The philanthropic sector is changing, as diverse voices demand a seat at the table and social media and the internet bring those voices together at a speed and efficiency that the sector hasn’t previously experienced. Among the groups paving a new path is Generation Z, or Gen Z—the most diverse and tech-savvy generation working in the sector today.
Who is Gen Z?
Categorized as “digital natives” or people who have little or no memory of a world without smartphone technology, Gen Z is made up of people born between 1997 and 2012, which means its oldest members are about 25 and its youngest are still in elementary school. For the older members of Gen Z, their coming of age was marked by the aftermath of 9/11, the war on terror, and the financial crisis of 2008. The younger members of Gen Z have grown up in school systems where active shooter drills are commonplace, political fragmentation is amplified on social media, and issues of inequality are exacerbated and were put on full display during the COVID-19 pandemic. Both ends of the Gen Z spectrum have experienced the internet at its peak, with instant and unlimited access to information in their hands at all times. The fast-paced nature of smartphones and social media has influenced every industry, as banking, work, social connections, and everything in-between are accessible with just the push of a button. According to the Pew Research Center, Gen Z is more racially and ethnically diverse than any previous generation, and Americans of Gen Z are on track to be the most well-educated generation.
But with Gen Z’s accumulation of knowledge and college degrees comes a higher accumulation of debt. According to the Federal Reserve Bank of St. Louis, members of Gen Z already have, on average, $20,900 in student debt—about 13 percent more than millennials, their predecessors.
Since most of Gen Z are either still in school or too early in their careers to build substantial wealth, statistics on their donor participation and wealth building are minimal, but the Annie E. Casey Foundation’s Kids Count Data Center examined Gen Z’s relationship to poverty.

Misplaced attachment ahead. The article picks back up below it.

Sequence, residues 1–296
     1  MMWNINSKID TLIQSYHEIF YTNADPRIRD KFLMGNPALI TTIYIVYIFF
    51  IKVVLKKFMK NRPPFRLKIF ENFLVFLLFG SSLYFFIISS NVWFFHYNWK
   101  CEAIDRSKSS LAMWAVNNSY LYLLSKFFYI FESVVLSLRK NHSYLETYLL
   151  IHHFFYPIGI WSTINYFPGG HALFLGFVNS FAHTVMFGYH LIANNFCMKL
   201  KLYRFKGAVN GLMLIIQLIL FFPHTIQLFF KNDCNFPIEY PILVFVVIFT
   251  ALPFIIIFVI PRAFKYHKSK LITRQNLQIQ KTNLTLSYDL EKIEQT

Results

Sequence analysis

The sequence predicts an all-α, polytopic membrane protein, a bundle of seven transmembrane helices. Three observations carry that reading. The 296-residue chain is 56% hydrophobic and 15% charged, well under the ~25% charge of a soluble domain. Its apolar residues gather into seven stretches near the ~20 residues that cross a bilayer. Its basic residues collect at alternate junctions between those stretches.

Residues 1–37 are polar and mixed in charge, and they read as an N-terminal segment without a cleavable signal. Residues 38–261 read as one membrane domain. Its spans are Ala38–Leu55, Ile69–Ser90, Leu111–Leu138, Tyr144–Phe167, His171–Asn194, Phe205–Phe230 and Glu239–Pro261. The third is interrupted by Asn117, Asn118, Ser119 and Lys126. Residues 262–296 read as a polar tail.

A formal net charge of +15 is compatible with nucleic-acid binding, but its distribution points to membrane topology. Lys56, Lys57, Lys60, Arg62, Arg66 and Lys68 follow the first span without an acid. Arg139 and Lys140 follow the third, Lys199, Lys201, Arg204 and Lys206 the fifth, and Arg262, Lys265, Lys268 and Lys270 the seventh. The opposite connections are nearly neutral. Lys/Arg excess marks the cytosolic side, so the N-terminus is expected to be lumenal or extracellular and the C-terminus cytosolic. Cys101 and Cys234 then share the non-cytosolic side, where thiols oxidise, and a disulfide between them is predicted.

The report found that Gen Z has experienced exceptionally high poverty rates, reaching a peak of 23 percent in 2011 and 2012, and then steadily falling to 17 percent by 2021. According to the U.S. Bureau of Labor Statistics, Gen Z will make up 30 percent of the workforce by 2030.
Outspoken advocates and agile organizers
Gen Z grew up with unlimited access to information through the internet and smartphones but limited financial resources. The influence can be seen in Gen Z’s giving and advocacy habits, as Gen Z tends to have a smaller giving portfolio than older donors but expects a stronger and more meaningful connection to the nonprofits and causes they choose to support. Moreover, they have demonstrated a likelihood to be more outspoken advocates for the causes they give to than previous generations, with a Classy report finding “next-gen” donors (identified as a combination of millennials and Gen Z) to be three times as likely to advocate on an organization’s behalf compared to Gen X and Baby Boomer donors.
Quick and tangible impacts are focal points for Gen Z donors and advocates, making the generation more likely to support decentralized, grassroots movements that can immediately respond to a cause on the ground, rather than larger established nonprofits. Indeed, their digital native status has only reinforced their preference for decentralized movements, as many grassroots organizations across the world are accessible through social media.
Platforms like GoFundMe and Give Directly, which offer direct cash transfers, have risen in popularity thanks to Gen Z. Part of what makes these platforms appealing is the immediate impact donors can offer, said Give Directly director of communications Tyler Hall. As a generation that grew up around mutual aid movements, or groups focused on direct action in support of and in solidarity with communities in need, outside of systems of power, Gen Z finds similarities to Give Directly’s global approach, Hall explains. Their influence can also be seen in the marketing and advocacy used by organizations like Give Directly, which leverages social media by contracting influencers to help spread their messaging and engage directly with Gen Z in their virtual backyards. The method has proved effective, according to the Classy report, which found next-generation donors were four times more likely than previous generations of donors to learn about causes from influencers and celebrities.
An influencer generation using social media to create change
The use of social media and influencer-style messaging isn’t just a marketing tactic for organizations to engage Gen Z; it’s a major way that Gen Z has been influencing the sector, affecting change, and spreading messages in their own words. An influencer-driven campaign on TikTok was the very foundation of the youth-led organization Gen-Z for Change.